In most games, objects are being added and removed from the game world as the game progresses. This is an operation that affects memory usage and also triggers possible garbage collection.

I was looking for a solution to be able to remove objects in batches instead of having custom code that handles removal of objects scattered throughout my games.

I came up with a solution based on using a component together with a component system in GameplayKit.

By removing objects in batches I get control of exactly then during the game's update loop removal of objects are happening and also get the code better structured and performant to do these operations that affects memory in one go instead of being fragmented during the frame cycle.

It has also allowed me to get cleaner and more consolidated code with a single location that handles the removal of objects.

The Remove Component

The remove component is super simple; all it does is add itself to a component system, so it can be processed later.

import GameplayKit

/// Flags an entity to be removed from the game.
class RemoveComponent: Component {
    // MARK: Component Life Cycle

    override func didAddToEntity() {
        super.didAddToEntity()

        // Register with the removeComponentSystem.
        scene?.removeComponentSystem.addComponent(self)
    }
}

We use didAddToEntity() to run our code automatically as soon as we add the component to an entity.

The component system the remove component adds itself to is defined in the scene class where the game runs. As almost all my entities and their added components needs to reference the scene file, I'm letting all my entities have a reference to the scene, and then I don't use GKComponent directly but an extended version with a helper property so I always can reference the scene from components.

It looks something like this.

class Component: GKComponent {
    // MARK: Convenience Properties

    /// The scene the owning entity is added to.
    var scene: GameScene? { (entity as? Entity)?.scene }
}

The RemoveComponent is a child of my Component and not GKComponent so I can use the scene property in didAddToEntity() method.

The Component System

In my game scenes where I define my different component systems, I've setup a dedicated GKComponentSystem which only has the purpose of handling removals of entities from the game.

class GameScene: SKScene {
  // MARK: Component Systems

  /// Component System to remove entities from the game.
  let removeComponentSystem = GKComponentSystem(componentClass: RemoveComponent.self)
}

In the life cycle of SKScene [1] didFinishUpdate() is the last method called just before the wait for the next frame begins. That method should be a great choice for us to use for the removal of our objects from the game.

At this time everything in the game is done executing during this update loop, so we end this cycle by batch removing all objects flagged for removal.

override func didFinishUpdate() {
  super.didFinishUpdate()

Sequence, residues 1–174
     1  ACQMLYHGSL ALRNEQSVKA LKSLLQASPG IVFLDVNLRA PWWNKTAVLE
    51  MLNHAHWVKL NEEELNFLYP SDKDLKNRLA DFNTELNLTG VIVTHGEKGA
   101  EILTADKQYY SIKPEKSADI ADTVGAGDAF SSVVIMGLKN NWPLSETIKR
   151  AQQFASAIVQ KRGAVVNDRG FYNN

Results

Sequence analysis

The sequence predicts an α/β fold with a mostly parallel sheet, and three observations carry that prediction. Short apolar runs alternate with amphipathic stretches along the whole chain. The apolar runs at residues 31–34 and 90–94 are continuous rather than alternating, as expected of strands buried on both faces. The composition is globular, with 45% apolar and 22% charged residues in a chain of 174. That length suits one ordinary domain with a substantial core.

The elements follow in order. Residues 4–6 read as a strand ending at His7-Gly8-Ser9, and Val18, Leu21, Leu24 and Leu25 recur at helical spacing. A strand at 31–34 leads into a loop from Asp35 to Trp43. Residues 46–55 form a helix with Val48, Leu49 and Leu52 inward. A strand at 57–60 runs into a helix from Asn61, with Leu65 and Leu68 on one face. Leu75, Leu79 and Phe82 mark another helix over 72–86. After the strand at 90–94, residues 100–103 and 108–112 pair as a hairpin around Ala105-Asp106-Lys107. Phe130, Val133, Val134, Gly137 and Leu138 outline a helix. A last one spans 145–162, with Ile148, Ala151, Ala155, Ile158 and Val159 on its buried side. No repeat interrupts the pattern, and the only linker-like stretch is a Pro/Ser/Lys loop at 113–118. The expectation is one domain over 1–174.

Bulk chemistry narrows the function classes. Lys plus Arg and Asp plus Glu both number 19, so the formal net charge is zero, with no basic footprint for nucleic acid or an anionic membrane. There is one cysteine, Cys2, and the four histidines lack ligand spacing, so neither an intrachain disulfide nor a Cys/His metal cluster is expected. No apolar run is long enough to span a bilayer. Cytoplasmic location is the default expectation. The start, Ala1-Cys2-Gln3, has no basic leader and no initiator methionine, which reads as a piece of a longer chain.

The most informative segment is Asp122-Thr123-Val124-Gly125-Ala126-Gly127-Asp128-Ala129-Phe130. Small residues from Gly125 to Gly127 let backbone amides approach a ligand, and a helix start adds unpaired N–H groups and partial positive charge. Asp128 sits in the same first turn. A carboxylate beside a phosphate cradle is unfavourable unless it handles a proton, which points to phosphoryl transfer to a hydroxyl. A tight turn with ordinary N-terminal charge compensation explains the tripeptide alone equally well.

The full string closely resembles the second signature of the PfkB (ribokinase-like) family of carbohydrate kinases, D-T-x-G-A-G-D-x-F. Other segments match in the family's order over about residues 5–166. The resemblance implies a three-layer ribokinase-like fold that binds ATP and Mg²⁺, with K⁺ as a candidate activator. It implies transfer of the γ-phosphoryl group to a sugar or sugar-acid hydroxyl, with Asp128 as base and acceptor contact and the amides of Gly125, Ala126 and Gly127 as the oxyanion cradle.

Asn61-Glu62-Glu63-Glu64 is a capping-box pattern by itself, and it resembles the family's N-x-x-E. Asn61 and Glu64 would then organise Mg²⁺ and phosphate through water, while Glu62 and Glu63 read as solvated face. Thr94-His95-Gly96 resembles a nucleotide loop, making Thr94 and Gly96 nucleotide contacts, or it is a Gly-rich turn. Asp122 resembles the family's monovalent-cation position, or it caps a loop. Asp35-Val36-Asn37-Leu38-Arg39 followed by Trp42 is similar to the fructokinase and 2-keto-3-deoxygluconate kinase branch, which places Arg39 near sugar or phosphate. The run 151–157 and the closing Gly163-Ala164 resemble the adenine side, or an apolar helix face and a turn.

// Remove entities flagged for removal.
  for component in removeComponentSystem.components {
    if let entity = component.entity as? Entity {
      // Remove the entity and it's resources.
      remove(entity: entity)
    }
  }
}

When iteration through the remove component system to get a reference for each entity that has the RemoveCompenent added, we call a remove method that has the actual logic to remove each entity from the game world.

A remove() method would most likely be unique for each game project. For me, I usually end up with something like this.

/// Removes an entity from the game world.
func remove(entity: Entity) {
  // Remove sprite component as that removes the nodes from the scene.
  entity.removeComponent(ofType: SpriteComponent.self)

  // Remove the reference from the entities set.
  entities.remove(entity)
}

I use a GKComponent that handles the sprite and it knows how to visually remove itself from the game world in the willRemoveFromEntity() method that is automatically called when a component is removed.

I keep a set with references to all entities currently in the game world, which I remove the entity from.

Using the Remove Component

That's basically it; the only thing that remains is to actually start using the RemoveComponent when we need to flag an object for removal.

All we have to do to remove an object from the game is to add the RemoveComponent to the entity.

Let's say that we have a bullet in the scene and we want to remove it when it hits its target. Then we simply can add the RemoveComponent in the contactDidBegin method.

func contactDidBegin(with other: GKEntity, contact: SKPhysicsContact) {
  // Flag the bullet for removal.
  addComponent(RemoveComponent())
}

Or we might have a particle emitter with a lifetime of 1.5 seconds that we want to remove when done playing. Then we could add the RemoveComponent by using an SKAction.

// remove emitter when done
let wait = SKAction.wait(forDuration: 1.5)
let remove = SKAction.run { [weak self] in
    self?.addComponent(RemoveComponent())
}

run(SKAction.sequence([wait, remove]))

We use the run SKAction and a sequence to add the RemoveComponent after the specified time has elapsed.

Where to Next

With this structure in place where we have a separate system that tracks objects for removal, it would be interesting to keep building on this concept to separate some of this logic away from the game loop.

For instance, we could potentially see if it was possible to use a background thread to iterate through the component system to get more time left on the main thread used by the game for a performance increase.

But that's a project for another day.

References

  1. SKScene Life Cycle. Responding to Frame-Cycle Events. ↩︎